March of San Lorenzo


The anthem to San Lorenzo was released in October 1902. Then we share the full letter of the March of San Lorenzo.


Phoebus appears; and its rays
illuminate the historic convent;
behind the walls, dull noise
hear is left of steeds and steel;
they are the hosts that prepares
San Martín to fight in San Lorenzo;
the shrill clarion sounded
and the voice of the great chief
to the cargo ordered.

Advances the enemy
step by step,
to the wind deployed
its red pavilion
to the wind deployed
its red flag.

And our grenadiers,
allies of glory,
inscribe in history
your page better.

Enroll in history
your page better.

Cabral, heroic soldier,
Covering yourself with glory,
what a price to win,
his life yields, becoming immortal.

And there, except for his courage,
the rising freedom
of half continent.

Honor, honor to the great Cabral!
And there, except for his courage,
the rising freedom
of half continent.

Honor, honor to the great Cabral!

Letter of C. J. Benielli
Music of Cayetano. A. Silva


It premiered on October 30, 1902 at the inauguration of the Monument to General San Martín, in the city of Santa Fe.

This march relates the events of the battle of San Lorenzo, which took place on February 3, 1813.

Clarification about the reality of Sergeant Cabral:

During my visit to the Convent of San Lorenzo and Campo de la Gloria, in 1974, several documents were displayed to visitors. Two of them called my attention: 1) The war part of writing by San Martín. 2) The complete list of soldiers under the orders of the Liberator. In addition, in Campo de la Gloria there was a monument to Sergeant Cabral in the supposed place where it is said that he saved the life of José de San Martín.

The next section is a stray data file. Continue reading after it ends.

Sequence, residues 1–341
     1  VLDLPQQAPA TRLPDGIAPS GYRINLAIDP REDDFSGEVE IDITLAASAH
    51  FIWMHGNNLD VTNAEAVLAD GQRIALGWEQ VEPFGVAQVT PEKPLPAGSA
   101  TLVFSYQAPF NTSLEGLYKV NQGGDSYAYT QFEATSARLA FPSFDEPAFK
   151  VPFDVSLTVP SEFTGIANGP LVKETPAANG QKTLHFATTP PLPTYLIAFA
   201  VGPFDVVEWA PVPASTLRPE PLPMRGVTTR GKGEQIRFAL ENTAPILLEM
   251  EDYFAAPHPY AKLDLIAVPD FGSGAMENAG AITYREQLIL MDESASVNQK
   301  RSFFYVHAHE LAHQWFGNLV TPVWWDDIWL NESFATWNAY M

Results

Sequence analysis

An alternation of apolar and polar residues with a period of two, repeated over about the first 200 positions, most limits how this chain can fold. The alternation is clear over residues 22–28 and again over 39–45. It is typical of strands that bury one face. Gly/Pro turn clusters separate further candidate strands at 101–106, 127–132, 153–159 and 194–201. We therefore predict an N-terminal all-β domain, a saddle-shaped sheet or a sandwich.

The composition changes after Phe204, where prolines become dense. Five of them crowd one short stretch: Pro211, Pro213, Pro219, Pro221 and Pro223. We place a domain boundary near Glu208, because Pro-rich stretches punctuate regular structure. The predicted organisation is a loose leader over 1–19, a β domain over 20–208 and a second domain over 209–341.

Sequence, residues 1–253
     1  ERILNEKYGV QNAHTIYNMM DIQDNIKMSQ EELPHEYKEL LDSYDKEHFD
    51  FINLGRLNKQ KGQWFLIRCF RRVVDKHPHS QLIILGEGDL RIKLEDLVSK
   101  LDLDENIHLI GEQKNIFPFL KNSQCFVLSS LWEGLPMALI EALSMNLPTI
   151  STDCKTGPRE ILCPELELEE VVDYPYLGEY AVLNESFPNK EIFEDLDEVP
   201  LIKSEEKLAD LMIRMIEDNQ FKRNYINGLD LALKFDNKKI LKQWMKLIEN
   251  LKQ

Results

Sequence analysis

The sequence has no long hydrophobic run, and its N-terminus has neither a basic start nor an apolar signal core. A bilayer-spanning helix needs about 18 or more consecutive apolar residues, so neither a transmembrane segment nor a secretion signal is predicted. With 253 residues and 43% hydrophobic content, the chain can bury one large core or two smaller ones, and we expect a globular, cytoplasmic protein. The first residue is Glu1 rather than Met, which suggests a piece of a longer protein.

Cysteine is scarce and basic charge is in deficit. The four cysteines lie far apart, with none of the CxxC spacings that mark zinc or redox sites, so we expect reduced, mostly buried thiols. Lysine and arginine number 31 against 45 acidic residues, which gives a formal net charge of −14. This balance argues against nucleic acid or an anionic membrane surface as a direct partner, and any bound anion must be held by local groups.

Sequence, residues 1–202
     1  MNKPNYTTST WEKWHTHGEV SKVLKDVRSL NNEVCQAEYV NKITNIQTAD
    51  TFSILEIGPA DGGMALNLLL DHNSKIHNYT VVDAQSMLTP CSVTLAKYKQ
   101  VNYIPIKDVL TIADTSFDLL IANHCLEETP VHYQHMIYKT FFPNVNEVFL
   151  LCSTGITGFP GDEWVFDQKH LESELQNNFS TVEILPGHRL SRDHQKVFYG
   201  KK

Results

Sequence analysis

In those documents I could see 2 things that did not correspond with the version that our story told; there was no soldier or sergeant named Cabral and that San Martin led his grenadiers from the temple bell tower.

When I returned to visit the place in 1977 the documents were no longer there. The priest who answered us said that after the military coup they took out those documents and that he did not know where they had been taken.

Having said this caused some people to be angry with me because I affirmed things that were at odds with what is considered true.

Then, it is necessary to clarify the following: In Science History, there is a method of studying sources to try to get closer to the truth of the events actually occurred. That there are scholars, journalists and even historians who many years later have told the story of Sergeant Cabral saving San Martin does not mean that it is true and, I add, I do not think it is important for Argentines whether this was true or not. the Argentine Republic disappears for it.

Where are these documents? I ignore it. Maybe they'll work again in the convent; Maybe they are in the General Archive of the Nation or in the house of some fussy Colonel who did not want the truth to be discovered. Maybe they have destroyed them.

In any case, if you want to continue with the story of Sergeant Cabral saving San Martin, it does not bother me in the least. But do not ask me to retract what I saw in 1974: The original documents in San Martin's handwriting.

The mistake I made was not having clarified before where my statement about the absence of a Sergeant Cabral came from and that San Martin was directing the grenadiers from the convent.

March of San Lorenzo

Next, I put some links in this regard:



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